Because I did, I finally did. I left him when a skinny, exhausted mama in the ER, with a passel of runny-nosed kids, that woman who just wouldn’t stop staring at me as I talked to the cop, when she came over and said, “I know what’s going on. You don’t deserve it. Come home with me. You can sleep on the sofa. …”

Instead of telling a woman in possession of nothing but a t-shirt to spend the night in a motel and call back when she’s really in trouble; instead of joking with a patient about injuries consistent with assault; instead of telling the complainant to be silent or she’ll make it worse the next time; instead of looking the other way; instead of blaming the victim; instead of accepting women’s excuses for black eyes and split lips, their lies about walking into doorways or tripping on coffee tables, their pleas that they must stay for the children; instead of all that, do this —

Say: Did somebody hurt you? You don’t deserve to be hit or kicked or strangled or thrown or belittled or terrorized. It is not your fault. It’s a crime. If somebody hurt you, let me help you. There are safe places to go and people who understand. Please let me help you.

Love,
K-B

For more information:

If you are a victim of violence, visit the National Domestic Violence Hotline website or call 800-799-SAFE (7233).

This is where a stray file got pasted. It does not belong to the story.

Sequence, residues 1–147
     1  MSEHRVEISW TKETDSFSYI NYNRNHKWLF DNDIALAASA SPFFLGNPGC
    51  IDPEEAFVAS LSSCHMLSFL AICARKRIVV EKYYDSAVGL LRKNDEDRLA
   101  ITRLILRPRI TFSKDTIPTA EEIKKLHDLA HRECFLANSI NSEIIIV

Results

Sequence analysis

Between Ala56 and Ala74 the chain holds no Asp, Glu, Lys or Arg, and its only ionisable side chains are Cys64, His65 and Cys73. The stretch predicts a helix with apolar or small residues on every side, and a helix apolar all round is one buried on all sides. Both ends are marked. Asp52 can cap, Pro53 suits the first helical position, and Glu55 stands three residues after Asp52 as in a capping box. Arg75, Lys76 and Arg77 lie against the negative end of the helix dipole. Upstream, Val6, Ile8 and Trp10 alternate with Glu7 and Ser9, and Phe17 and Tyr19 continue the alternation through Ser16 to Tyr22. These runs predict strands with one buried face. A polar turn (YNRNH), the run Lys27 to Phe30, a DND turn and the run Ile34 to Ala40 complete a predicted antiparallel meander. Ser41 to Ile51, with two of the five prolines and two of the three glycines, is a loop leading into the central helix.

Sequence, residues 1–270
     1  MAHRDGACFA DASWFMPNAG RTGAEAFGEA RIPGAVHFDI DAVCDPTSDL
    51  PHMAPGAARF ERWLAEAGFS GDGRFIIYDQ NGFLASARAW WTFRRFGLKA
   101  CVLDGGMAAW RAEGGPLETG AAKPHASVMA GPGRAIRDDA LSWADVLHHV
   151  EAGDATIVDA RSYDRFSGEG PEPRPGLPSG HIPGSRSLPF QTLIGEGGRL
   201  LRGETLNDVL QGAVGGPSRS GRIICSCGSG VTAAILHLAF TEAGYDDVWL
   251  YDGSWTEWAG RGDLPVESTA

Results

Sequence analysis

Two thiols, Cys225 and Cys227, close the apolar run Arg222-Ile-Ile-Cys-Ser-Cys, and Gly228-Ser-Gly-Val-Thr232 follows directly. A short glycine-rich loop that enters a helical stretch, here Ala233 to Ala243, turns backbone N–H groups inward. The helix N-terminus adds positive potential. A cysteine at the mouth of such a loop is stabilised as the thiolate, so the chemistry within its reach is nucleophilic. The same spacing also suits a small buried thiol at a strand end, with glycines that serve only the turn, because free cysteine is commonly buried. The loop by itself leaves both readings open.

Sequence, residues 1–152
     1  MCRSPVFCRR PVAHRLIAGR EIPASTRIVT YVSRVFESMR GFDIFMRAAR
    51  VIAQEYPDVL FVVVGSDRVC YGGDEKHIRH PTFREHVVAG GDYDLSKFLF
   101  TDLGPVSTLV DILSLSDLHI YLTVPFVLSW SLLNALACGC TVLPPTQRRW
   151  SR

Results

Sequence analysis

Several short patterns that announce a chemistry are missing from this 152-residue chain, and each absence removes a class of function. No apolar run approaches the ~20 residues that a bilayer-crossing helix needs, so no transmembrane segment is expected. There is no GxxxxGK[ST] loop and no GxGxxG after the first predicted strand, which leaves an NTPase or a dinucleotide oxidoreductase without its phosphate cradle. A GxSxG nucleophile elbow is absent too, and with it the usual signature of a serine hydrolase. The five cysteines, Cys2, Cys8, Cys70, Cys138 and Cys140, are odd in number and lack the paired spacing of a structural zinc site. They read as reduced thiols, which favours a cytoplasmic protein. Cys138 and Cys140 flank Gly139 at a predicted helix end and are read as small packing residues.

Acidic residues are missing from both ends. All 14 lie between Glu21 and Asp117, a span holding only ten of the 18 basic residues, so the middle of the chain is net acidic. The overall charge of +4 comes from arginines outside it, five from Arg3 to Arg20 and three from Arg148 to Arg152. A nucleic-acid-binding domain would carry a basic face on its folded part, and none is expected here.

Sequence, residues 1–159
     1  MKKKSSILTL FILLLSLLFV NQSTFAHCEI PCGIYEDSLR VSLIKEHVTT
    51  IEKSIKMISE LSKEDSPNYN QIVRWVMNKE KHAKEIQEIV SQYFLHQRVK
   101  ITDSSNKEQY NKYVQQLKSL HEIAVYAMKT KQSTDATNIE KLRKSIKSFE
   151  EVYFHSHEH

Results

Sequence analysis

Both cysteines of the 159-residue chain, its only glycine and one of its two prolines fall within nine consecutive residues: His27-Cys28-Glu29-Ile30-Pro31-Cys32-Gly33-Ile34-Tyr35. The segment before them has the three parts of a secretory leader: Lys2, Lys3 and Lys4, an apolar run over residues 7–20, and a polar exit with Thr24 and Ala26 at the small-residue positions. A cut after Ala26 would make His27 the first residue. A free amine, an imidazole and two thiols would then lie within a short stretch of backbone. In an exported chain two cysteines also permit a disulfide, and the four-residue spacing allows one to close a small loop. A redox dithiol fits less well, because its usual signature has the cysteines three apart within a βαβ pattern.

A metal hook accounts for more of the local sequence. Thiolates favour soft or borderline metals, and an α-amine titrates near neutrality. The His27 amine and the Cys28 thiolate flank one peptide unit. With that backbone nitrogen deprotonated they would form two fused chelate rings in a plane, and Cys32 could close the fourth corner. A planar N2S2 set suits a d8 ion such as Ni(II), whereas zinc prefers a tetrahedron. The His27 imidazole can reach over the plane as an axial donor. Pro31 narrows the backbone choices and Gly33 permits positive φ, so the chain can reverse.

Same-sex relationship violence counseling in San Diego

If you want to help, visit your local domestic violence prevention agency or Futures Without Violence.

Presidential Proclamation – National Domestic Violence Awareness Month, 2012

Intimate partner violence (IPV) statistics from the American Psychological Association

• More than one in three women and one in four men in the United States have experienced, rape, physical violence and/or stalking by an intimate partner in their lifetime.
• On average, more than three women are murdered by their husbands or boyfriends every day.
• One in five female high school students reports being physically and/or sexually abused by a dating partner.
• IPV is the leading cause of female homicides and injury-related deaths during pregnancy?

 


1 In 1982, there were few shelters for victims of intimate partner violence (IPV) and little training for police. Today, there are significantly more resources, but still many police officers—and family and friends of victims and abusers—fail to treat IPV as the crime it is, and still it is excruciatingly difficult to leave an abusive relationship.

Crossposted at Ms. Magazine BlogSan Diego Gay & Lesbian News and San Diego Free Press.

Comments (9)

MillieOctober 7th, 2012 at 6:54 am